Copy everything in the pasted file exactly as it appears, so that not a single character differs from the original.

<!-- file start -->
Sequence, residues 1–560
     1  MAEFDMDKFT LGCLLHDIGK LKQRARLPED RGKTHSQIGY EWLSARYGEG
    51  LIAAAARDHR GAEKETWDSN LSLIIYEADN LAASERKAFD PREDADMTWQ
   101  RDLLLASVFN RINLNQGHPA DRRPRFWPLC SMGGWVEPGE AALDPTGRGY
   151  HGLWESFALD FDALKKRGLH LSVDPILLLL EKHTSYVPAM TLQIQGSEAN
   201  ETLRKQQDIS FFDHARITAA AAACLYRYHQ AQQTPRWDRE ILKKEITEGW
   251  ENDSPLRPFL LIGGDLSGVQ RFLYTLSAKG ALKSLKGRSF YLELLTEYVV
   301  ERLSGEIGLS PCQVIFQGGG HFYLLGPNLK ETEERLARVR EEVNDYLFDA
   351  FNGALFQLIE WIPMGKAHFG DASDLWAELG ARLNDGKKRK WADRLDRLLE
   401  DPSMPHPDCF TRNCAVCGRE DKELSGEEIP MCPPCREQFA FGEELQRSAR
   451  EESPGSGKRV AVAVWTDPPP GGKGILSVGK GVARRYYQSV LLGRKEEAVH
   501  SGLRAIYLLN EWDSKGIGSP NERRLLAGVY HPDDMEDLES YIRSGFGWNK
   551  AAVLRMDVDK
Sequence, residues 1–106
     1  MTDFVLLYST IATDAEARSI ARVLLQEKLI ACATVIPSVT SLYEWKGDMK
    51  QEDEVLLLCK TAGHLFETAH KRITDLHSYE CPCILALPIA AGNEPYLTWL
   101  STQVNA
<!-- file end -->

Sequence, residues 1–560
     1  MAEFDMDKFT LGCLLHDIGK LKQRARLPED RGKTHSQIGY EWLSARYGEG
    51  LIAAAARDHR GAEKETWDSN LSLIIYEADN LAASERKAFD PREDADMTWQ
   101  RDLLLASVFN RINLNQGHPA DRRPRFWPLC SMGGWVEPGE AALDPTGRGY
   151  HGLWESFALD FDALKKRGLH LSVDPILLLL EKHTSYVPAM TLQIQGSEAN
   201  ETLRKQQDIS FFDHARITAA AAACLYRYHQ AQQTPRWDRE ILKKEITEGW
   251  ENDSPLRPFL LIGGDLSGVQ RFLYTLSAKG ALKSLKGRSF YLELLTEYVV
   301  ERLSGEIGLS PCQVIFQGGG HFYLLGPNLK ETEERLARVR EEVNDYLFDA
   351  FNGALFQLIE WIPMGKAHFG DASDLWAELG ARLNDGKKRK WADRLDRLLE
   401  DPSMPHPDCF TRNCAVCGRE DKELSGEEIP MCPPCREQFA FGEELQRSAR
   451  EESPGSGKRV AVAVWTDPPP GGKGILSVGK GVARRYYQSV LLGRKEEAVH
   501  SGLRAIYLLN EWDSKGIGSP NERRLLAGVY HPDDMEDLES YIRSGFGWNK
   551  AAVLRMDVDK
Sequence, residues 1–106
     1  MTDFVLLYST IATDAEARSI ARVLLQEKLI ACATVIPSVT SLYEWKGDMK
    51  QEDEVLLLCK TAGHLFETAH KRITDLHSYE CPCILALPIA AGNEPYLTWL
   101  STQVNA